Posts from January 8, 2005

Calling local bloggers

Calling local bloggers

: Micah Sifry is compiling a directory of local political bloggers.

Dirty

Dirty

: Just saw a promo for Dirty War on HBO:

In a post-9/11 world, how do you prepare for the unthinkable? Is it possible to stop a coordinated radioactive-weapons attack by determined terrorists in an international city? And what, if anything, should the public be told about such a threat?

This HBO Films thriller shows how a “dirty bomb” attack might be planned and executed in London, despite the best efforts of police and intelligence forces – as well as how devastating the consequences of such an attack could be.

Well, I’m selfishly glad that for once, the theoretical ground zero of such an attack is not Times Square and my office address. But still, I’m not sure this is what I’d classify as entertainment. Then again, if it scares the pants off a few people, that could be a good thing.

Cutting off the censors

Cutting off the censors

: Hoder reports another big crackdown in Iran blocking access to major blogging sites. He suggests technical, civil and legal means to fight. Two questions:

1. What will it take to create the technical means to allow blogs to be distributed around addresses that can be blocked — e.g., distributed via P2P means such as BitTorrent, or via RSS and email…. We’ve talked about this on blogs and at meetings but there’s no momentum because no one is leading the charge. What are the solutions? Who can create them?

2. Shouldn’t we bloggers be protesting the censorship of blogs? Shouldn’t some of us — via Media Bloggers or Global Voices or Google or journalism schools or journalists’ associations or the Online News Association — be decrying this censorship of citizens’ media and goading political leaders in the U.S. and Europe to protest?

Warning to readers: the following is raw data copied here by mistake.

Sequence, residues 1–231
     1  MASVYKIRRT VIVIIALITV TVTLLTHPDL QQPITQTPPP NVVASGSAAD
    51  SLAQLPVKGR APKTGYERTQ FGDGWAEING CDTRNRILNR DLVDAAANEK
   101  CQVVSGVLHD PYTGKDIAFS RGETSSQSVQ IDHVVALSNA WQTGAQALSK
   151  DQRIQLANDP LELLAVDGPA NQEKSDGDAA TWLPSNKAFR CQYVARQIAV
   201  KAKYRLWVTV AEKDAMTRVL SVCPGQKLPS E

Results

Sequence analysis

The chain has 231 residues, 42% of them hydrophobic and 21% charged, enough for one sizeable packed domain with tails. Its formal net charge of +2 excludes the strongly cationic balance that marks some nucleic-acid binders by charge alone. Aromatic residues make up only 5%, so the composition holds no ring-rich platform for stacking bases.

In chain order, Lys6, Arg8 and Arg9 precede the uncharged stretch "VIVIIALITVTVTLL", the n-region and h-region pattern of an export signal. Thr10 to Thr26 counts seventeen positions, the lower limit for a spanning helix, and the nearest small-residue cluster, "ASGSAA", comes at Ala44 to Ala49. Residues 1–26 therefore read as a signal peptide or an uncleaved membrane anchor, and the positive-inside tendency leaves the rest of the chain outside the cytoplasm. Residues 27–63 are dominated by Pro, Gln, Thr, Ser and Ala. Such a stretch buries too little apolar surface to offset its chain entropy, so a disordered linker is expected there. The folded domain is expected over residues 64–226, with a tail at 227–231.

Help.

Lab rats

Lab rats

: Liz Lawley establishes the first social computing lab at RIT. [via Om]

Justice?

Justice?

: You will remember that Iraqi blogger Zeyad‘s cousin was killed, allegedly at the hands of American soldiers. One of the soldiers put on trial in the case was just convicted of assault — forcing the Iraqi men into cold water at gunpoint — but acquitted of manslaughter because the defense said there was not proof that the man died. I do not know the details of the case but I have to say that doesn’t smell great and if the sentence is light, it’s not going to help. Glenn Reynolds’ background posts here.

Betting on the future

Betting on the future

: At Iraq the Model, I come across an ad for a service I hadn’t seen before: Intrade, a market — not a betting service — for futures trades on events — and not just entertainment and sports. The theory is that these open markets will gather the wisdom of the crowds. The wise crowds say the 2012 Olympics will go to Paris or London over New York, Michael Jackson will get convicted of something, and there’s only a middling chance of bin Laden’s capture. What’s intresting is that they have bets going on Middle East politics and events and they advertised on an Iraqi blog. Now that’s targeting.

The ethics of tourism

The ethics of tourism

: Some are appalled at tourists reappearing in Phuket after the tsunami. But others, starting with the head of Lonely Planet, say that getting tourist dollars to those economies are vital. I was reading a story at Australia’s The Age and another Jeff Jarvis (not me, not the jazz musician, the Australian Jeff Jarvis I run across on eGoogles now and again) says:

Jeff Jarvis, a Monash University academic and tourism industry researcher whose particular interest is how the largesse of Western tourists impacts on developing countries, has no doubt. “This is a time for people to be foot soldiers for development aid – to get off the sofa and book their next holiday to Thailand or Sri Lanka,” he says. “To support the people in the bar and selling T-shirts on the beach and working in the restaurants.”

Jarvis, director of the graduate tourism program at the National Centre for Australian Studies at Monash, argues that tourism is a major force of development worldwide – and becoming ever more important. “People don’t realise what happens to the money they spend on holiday. That for them to go and spend a couple of thousand dollars in a developing country would be the equivalent of someone spending tens of thousands of dollars in Australia. Tourism can be a vital weapon in the war against poverty.”

Stern exported

Stern exported

: The Sunday Times of London writes about Howard Stern’s move to satellite.

With so much pornography entering mainstream culture via the internet, Stern